$$\begin{aligned}&-\tilde{X}_{TF}=\tilde{Y}_{TF}=\varepsilon . \end{aligned}$$
The equations describing evolution and shear expansion become
$$\begin{aligned}&-\tilde{Y}_T = V^\alpha \Theta _{;\alpha }+\frac{2}{3}\sigma ^2+\frac{\Theta ^2}{3}-a^{\alpha }_{;\alpha }, \end{aligned}$$
$$\begin{aligned}&\tilde{Y}_{TF} = \varepsilon = -\frac{2}{3}\Theta \sigma -V^\alpha \sigma _{;\alpha }-\frac{1}{3}\sigma ^2. \end{aligned}$$
The differential equation showing the inhomogeneity factor is
$$\begin{aligned} \Bigg [\tilde{X}_{TF}+\frac{1}{2}\mu -\frac{\alpha (1-n)\tilde{\mathcal {G}}+\lambda \tilde{T}}{4}\Bigg ]'=-\tilde{X}_{TF}\frac{3C'}{C} \end{aligned}$$
from which it follows \(\bar{\mu }'_{eff}=0\Leftrightarrow X_{TF}=0\) describing \(X_{TF}\) as the inhomogeneity factor.

5 Discussion

In this paper, the dynamical system of compact objects has been discussed by considering \(f(\mathcal {G}, T)\) gravity. We take non-static spherically symmetric system coupled with anisotropic stresses radiating through heat flux and streaming approximations. After doing some fundamental calculations, we have affiliated Weyl scalar with structural variables. Further, we investigate the factors affecting the tidal forces in the development of collapsing spherical matter distribution in \(f(\mathcal {G}, T)\) gravity. For this, we split the particular model of \(f(\mathcal {G}, T)\) gravity which is given as \(f(\mathcal {G},T)=f_1(\mathcal {G})+f_2(T)\). We have searched the role of \(f(\mathcal {G}, T)\) terms given by dark energy source in the explanation of scalar functions. These scalars are calculated by orthogonally decomposing the Riemann curvature tensor. We have discovered that these scalar functions control the evolutionary systems in our celestial body.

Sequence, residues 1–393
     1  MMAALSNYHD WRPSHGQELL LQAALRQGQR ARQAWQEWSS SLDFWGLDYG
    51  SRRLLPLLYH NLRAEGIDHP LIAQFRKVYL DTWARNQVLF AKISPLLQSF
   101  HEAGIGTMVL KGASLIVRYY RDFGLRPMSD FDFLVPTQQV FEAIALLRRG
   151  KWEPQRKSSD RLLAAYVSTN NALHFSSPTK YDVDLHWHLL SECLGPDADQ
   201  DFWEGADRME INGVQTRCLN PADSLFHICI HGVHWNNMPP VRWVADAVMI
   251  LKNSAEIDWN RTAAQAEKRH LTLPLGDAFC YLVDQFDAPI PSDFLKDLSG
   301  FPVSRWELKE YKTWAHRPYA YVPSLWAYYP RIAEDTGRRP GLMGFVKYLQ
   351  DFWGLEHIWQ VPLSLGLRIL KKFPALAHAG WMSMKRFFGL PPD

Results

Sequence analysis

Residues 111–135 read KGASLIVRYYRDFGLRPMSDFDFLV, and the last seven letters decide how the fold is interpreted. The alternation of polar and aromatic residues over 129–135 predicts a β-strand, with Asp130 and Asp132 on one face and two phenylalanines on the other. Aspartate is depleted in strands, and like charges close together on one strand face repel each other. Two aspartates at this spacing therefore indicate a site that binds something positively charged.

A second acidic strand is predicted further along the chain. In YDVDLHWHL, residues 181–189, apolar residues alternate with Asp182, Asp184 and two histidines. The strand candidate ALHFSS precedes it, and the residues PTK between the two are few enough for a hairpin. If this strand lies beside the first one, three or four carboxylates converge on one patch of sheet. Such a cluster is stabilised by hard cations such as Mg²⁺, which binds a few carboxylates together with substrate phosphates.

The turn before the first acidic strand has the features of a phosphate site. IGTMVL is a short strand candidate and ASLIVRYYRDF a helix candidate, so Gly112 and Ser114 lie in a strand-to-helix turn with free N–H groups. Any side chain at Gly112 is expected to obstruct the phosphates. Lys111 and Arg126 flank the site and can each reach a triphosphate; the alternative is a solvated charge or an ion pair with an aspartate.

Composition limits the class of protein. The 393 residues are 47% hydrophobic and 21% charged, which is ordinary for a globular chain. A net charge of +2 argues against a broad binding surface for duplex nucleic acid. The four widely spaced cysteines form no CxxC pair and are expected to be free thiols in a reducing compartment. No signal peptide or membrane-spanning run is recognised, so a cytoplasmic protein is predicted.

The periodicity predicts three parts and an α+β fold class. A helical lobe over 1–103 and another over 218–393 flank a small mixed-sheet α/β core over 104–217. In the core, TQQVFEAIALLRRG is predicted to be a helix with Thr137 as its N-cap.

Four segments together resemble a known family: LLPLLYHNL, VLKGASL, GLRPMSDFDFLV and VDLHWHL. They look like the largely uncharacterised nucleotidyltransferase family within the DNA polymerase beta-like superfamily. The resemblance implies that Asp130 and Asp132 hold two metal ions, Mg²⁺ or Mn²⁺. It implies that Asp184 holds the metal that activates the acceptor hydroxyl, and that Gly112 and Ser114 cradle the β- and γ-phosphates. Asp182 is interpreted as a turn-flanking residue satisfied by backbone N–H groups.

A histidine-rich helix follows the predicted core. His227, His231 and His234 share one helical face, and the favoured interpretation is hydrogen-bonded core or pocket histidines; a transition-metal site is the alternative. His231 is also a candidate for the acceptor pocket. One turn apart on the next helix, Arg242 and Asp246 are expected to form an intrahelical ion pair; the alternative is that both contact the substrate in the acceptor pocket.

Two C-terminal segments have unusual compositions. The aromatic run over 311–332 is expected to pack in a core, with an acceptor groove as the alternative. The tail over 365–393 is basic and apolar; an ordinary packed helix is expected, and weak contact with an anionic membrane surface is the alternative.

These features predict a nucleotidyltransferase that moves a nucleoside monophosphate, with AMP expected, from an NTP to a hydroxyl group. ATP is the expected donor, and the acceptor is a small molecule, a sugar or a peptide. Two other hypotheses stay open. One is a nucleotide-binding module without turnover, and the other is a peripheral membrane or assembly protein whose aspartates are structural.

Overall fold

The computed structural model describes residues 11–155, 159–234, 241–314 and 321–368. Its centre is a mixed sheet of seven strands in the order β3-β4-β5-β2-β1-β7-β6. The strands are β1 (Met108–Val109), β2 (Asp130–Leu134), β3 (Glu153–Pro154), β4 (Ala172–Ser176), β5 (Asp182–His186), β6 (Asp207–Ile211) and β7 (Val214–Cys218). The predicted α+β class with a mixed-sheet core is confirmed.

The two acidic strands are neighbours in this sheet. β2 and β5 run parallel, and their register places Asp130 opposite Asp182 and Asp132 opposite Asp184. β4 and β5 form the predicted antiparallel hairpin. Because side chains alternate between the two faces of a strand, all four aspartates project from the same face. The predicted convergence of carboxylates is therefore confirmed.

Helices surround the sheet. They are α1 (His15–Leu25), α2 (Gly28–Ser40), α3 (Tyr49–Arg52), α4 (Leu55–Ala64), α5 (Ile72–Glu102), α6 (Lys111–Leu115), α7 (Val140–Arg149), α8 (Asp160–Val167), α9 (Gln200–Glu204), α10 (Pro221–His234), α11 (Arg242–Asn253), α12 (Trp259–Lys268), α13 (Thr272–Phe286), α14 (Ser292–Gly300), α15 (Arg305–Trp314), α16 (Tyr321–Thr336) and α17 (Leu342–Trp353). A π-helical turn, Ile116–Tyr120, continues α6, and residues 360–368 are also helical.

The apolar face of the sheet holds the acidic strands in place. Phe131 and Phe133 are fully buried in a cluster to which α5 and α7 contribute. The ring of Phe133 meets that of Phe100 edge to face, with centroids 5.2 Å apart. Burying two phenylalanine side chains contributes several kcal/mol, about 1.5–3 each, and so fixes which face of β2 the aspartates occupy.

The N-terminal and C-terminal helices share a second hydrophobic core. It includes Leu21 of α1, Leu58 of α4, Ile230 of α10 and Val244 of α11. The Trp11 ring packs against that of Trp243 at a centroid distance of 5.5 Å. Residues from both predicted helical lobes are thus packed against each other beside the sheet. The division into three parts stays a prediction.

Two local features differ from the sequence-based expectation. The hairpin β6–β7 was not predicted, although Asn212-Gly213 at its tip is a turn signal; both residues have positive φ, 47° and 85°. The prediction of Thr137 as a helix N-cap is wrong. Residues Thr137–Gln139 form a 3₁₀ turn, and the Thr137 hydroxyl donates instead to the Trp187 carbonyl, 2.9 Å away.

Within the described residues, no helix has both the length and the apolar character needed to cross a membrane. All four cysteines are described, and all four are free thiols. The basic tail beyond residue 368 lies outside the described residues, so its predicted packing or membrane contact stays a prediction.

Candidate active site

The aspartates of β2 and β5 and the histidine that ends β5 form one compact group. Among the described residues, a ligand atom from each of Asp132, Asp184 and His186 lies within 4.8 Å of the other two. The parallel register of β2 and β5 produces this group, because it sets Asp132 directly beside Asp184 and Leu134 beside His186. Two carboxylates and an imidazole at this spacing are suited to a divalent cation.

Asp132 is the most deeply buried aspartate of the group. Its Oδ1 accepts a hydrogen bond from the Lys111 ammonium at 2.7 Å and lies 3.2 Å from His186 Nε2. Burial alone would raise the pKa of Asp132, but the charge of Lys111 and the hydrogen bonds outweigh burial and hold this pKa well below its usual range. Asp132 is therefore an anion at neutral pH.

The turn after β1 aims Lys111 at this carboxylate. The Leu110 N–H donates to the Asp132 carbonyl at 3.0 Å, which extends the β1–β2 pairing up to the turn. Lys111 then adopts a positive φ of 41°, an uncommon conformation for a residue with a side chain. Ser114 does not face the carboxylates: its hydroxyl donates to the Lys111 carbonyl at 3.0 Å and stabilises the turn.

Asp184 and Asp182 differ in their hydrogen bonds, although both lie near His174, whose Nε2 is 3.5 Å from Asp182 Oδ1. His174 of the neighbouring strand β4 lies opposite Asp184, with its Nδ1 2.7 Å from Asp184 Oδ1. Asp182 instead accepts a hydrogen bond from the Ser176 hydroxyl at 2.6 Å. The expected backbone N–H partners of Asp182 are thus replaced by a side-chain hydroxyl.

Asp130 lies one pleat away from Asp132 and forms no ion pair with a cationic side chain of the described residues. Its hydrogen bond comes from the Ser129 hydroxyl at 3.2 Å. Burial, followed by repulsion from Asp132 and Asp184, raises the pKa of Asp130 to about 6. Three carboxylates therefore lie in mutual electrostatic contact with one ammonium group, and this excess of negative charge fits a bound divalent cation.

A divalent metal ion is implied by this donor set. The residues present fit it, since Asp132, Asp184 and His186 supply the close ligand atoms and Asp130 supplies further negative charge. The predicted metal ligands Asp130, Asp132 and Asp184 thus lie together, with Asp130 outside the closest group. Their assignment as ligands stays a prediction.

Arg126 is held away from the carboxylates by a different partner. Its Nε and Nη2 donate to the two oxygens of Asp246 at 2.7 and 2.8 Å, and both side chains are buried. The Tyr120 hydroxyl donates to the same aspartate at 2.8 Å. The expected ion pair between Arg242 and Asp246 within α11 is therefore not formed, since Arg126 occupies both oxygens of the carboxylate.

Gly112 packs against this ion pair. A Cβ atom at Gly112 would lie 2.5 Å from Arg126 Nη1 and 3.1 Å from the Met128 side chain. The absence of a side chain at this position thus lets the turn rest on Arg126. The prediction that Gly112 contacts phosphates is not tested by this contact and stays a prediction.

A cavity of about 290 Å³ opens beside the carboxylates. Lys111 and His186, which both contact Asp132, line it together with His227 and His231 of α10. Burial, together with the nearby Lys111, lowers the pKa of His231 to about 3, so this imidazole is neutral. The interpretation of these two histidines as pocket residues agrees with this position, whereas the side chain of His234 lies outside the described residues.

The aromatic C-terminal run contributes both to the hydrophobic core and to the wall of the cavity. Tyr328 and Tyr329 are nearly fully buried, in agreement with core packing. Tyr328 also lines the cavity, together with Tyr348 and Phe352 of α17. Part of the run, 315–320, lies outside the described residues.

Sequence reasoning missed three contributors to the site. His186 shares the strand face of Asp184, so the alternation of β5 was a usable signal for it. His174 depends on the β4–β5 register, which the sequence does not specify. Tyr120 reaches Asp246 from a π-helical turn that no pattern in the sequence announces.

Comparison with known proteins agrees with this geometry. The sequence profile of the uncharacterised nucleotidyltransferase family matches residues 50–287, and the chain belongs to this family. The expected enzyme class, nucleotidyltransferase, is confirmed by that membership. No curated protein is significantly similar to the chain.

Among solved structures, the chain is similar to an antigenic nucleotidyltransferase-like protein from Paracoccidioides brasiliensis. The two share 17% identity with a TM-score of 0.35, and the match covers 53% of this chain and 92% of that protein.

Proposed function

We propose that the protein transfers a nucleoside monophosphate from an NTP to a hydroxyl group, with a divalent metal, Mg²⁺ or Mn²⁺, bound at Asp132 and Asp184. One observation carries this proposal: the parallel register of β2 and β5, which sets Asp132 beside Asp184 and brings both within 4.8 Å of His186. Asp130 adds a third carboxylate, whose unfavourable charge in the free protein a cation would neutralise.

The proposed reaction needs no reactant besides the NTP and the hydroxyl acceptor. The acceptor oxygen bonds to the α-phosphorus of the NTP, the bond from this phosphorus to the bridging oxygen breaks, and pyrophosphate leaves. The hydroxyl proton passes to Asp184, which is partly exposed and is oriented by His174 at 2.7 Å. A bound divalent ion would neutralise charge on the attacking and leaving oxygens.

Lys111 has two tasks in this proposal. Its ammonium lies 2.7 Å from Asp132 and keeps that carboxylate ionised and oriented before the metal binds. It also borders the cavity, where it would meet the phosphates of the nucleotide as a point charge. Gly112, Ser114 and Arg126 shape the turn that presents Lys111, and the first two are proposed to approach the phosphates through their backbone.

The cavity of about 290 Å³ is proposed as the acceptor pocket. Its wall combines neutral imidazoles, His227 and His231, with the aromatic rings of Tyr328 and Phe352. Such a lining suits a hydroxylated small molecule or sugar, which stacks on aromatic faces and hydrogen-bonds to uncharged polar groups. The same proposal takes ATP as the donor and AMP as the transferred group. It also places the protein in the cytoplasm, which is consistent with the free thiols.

• Equation (37) which is itself a structure scalar expresses the energy density together with the dark source variables in spherically symmetric dissipative anisotropic fluid distributions.

  • \(Y_T\) comes out to be the mass density for dynamical system and this quantity is being controlled by means of anisotropic pressure together with dark source terms. The mass density is clearly linked with pressure anisotropy, radiating and non-radiating distributions along side \(f(\mathcal {G}, T)\) gravity corrections. In Eq. (38) \(Y_T\) has a connection with non-dissipative energy density due to the existence of \(3\mu \lambda \) term.